Death in the system
Surian Soosay

River Rising

After Twitter and Facebook comes the River—a social media platform embedded in the criminal justice system, where the crowd determines who lives and dies.

The debate over the relative dangers of Twitter mobs and the impact of socially mediated justice media justice is wide open and ongoing. For a fresh view, step into the future as painted by James Yu, the co-founder of Parse and a former team leader of VR product at Facebook. And don't be too quick to upvote. Enjoy. -the ed

At noon sharp, Paz watched as the bailiffs wheeled the Host into the chamber, the red skull mark still fresh on his Adam’s apple. Even though he knew that the Host was the next to be executed, it was still shocking to see him—such a powerful personality—splayed out and vulnerable on the alloy slab.


It would be standard procedure; Paz would merely be fulfilling his duty as Assessor.

His conch piercing was unusually quiet. The silver bead vibrated the voices of the River straight into his eardrum. The city was holding its breath, watching him perform the ceremony. It was rare for the damned to be so well known.

Paz dipped a cotton swab as the Host’s eyes fluttered open. They were fiery, just as he remembered.

“Why even use alcohol?” the Host said. “I’m going to be a corpse soon anyway.”

Paz ignored him while making tender circles with the swab on the Host’s arm. He liked to conduct his duties in silence, arranging the tubes in neat rows like a conductor. Standard procedure.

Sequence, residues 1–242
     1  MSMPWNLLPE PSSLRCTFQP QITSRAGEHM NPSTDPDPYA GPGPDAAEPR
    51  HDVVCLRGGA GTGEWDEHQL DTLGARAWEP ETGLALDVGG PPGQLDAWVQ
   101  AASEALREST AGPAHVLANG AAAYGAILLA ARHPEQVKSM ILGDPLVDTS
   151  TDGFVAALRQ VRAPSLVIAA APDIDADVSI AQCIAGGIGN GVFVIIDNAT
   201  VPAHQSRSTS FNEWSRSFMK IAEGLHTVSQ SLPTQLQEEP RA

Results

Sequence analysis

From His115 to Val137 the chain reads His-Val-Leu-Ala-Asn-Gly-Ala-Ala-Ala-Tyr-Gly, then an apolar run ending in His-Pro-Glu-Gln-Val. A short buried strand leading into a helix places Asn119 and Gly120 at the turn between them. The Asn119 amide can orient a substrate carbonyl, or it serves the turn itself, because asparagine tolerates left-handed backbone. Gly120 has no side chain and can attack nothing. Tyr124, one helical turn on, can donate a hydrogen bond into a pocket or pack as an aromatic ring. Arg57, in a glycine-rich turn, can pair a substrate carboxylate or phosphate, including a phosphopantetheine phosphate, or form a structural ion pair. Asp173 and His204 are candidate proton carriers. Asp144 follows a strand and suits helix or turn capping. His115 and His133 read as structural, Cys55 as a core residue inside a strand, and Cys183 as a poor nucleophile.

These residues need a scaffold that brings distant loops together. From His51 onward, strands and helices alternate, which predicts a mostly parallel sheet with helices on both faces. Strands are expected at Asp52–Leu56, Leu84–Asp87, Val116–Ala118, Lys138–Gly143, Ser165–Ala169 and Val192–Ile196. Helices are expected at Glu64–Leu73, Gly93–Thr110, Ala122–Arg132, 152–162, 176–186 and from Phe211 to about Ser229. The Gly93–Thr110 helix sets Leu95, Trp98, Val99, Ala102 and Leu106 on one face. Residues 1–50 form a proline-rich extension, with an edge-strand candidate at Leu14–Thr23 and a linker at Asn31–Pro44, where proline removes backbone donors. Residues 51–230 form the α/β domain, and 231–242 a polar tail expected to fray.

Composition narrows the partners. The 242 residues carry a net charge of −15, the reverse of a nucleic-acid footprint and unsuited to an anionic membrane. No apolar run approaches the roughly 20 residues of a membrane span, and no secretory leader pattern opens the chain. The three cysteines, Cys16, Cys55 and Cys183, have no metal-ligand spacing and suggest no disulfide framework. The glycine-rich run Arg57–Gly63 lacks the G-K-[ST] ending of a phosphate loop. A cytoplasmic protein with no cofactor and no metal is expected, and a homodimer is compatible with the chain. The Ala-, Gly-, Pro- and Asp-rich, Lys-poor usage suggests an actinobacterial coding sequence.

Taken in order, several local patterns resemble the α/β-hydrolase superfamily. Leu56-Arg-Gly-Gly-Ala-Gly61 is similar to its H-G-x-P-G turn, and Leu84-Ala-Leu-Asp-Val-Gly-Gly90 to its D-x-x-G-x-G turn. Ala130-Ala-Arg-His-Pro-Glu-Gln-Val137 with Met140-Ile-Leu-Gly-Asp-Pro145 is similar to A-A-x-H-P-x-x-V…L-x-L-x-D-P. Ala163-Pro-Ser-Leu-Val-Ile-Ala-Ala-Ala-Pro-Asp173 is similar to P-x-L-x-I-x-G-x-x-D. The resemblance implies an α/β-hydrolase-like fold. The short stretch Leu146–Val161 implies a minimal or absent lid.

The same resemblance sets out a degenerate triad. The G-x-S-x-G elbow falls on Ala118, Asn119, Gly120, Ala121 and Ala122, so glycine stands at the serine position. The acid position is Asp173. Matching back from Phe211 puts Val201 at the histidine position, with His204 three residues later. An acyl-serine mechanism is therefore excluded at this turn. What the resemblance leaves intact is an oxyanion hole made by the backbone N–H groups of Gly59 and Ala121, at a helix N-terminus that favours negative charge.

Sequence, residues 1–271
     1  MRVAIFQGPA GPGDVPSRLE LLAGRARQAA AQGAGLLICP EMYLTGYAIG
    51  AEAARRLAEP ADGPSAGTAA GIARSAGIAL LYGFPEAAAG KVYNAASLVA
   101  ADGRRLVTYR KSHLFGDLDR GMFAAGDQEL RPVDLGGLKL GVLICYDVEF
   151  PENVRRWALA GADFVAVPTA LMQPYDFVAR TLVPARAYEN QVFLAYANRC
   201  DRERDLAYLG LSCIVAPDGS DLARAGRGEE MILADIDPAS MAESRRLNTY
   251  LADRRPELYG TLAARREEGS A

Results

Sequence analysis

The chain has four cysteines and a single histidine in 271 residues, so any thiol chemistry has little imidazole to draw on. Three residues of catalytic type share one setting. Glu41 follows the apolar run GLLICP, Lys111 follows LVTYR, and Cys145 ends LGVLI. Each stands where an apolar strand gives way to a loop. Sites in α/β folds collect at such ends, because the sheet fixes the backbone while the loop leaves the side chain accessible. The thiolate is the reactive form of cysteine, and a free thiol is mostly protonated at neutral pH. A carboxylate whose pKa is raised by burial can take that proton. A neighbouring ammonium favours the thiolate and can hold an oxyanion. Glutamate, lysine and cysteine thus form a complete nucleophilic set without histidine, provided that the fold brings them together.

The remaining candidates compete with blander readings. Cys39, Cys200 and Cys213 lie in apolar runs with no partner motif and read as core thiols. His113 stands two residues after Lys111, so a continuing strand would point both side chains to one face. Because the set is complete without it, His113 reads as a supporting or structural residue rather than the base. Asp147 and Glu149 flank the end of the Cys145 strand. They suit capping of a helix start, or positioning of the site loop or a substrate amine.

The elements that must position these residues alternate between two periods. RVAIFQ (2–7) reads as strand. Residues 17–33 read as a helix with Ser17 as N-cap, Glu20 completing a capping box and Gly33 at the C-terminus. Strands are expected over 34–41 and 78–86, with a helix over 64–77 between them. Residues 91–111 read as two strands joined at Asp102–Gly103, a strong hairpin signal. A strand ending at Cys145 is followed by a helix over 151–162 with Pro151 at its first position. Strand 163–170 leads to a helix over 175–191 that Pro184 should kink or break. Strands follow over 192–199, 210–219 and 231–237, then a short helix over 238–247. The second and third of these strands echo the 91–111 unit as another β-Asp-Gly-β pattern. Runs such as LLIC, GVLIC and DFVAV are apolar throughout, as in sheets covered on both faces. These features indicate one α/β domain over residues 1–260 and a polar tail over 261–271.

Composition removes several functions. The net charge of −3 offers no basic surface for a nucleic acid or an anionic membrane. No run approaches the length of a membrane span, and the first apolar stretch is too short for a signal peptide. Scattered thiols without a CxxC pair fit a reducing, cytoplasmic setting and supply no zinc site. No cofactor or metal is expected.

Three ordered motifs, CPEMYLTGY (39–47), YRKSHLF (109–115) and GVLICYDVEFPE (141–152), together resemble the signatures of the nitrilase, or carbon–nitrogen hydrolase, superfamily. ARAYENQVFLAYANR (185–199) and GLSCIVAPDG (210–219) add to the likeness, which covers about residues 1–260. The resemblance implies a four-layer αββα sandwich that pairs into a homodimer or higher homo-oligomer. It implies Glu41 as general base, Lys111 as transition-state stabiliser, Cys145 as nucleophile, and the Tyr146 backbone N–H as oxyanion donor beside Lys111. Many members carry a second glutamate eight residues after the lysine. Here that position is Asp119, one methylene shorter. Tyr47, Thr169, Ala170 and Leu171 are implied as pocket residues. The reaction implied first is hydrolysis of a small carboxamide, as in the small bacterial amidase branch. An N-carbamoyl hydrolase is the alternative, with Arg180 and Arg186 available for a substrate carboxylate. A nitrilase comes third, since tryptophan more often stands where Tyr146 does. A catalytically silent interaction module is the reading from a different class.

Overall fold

“A slight prick,” Paz said as he pushed three needles in.

“Just push the damn button,” the Host said, shooting a stony gaze toward the camera on the wall. “Get it over with.”

Paz heard the River gasp. The Host certainly knew how to play to the audience.

“It is not time yet. The vote may be reversed,” Paz said. He twisted a valve and watched the saline slither down the tube. It was critical to ensure there was no blockage. Standard procedure.

“You might as well be an algorithm,” the Host said.

“You underestimate my role,” Paz said. “I interpret sentiment objectively. Even now, I am listening to the River—every citizen’s voice layered into a singular stream. Cacophony to an untrained ear, but not to me. Not after decades of listening. The voices arranged into a symphony: middle notes singing the majority anthem; the treble twittering the minority opposition; and the bass chanting the undecided.” He tapped his ear. “This task cannot be entrusted to just anyone, let alone a machine. You of all people should know how it works.”


“I just wanted to hear you say it out loud,” the Host said dismissively. “Because the River has chosen wrong.”

“The River does not make mistakes.”

“But you make mistakes.”

Paz knew this might happen—that he would be accused of bias. The Host fashioned himself a truth seeker, interviewing people on his show and exposing their lies to an enormous audience. Sometimes, they ended up here in this chamber, leading some to say that he and the Host were in symbiosis. But that was wrong—the River was the ultimate decider.

“Look over there,” Paz said, nodding toward the placard etched with the Host’s name. Below it sat a squat, rectangular gauge, its needle pointing to the result of the River’s daily vote:


“And what have I done wrong?” the Host asked.

The voices of the River crescendoed in Paz’s ear:

You lied! You slandered!

“I only spoke the truth,” the Host said. “That a high merchant had scammed people of millions, that the mayor had backstabbed her mother and father, that a quack masqueraded as an expert surgeon for years.”